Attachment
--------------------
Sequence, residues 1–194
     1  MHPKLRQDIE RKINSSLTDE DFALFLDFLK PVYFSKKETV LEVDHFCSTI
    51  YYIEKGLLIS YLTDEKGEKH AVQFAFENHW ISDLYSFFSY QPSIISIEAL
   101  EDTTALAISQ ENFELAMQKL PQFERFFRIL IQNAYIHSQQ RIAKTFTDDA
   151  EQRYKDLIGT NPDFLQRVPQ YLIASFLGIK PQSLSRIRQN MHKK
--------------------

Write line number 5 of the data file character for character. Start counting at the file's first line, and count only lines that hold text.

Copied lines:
   151  EQRYKDLIGT NPDFLQRVPQ YLIASFLGIK PQSLSRIRQN MHKK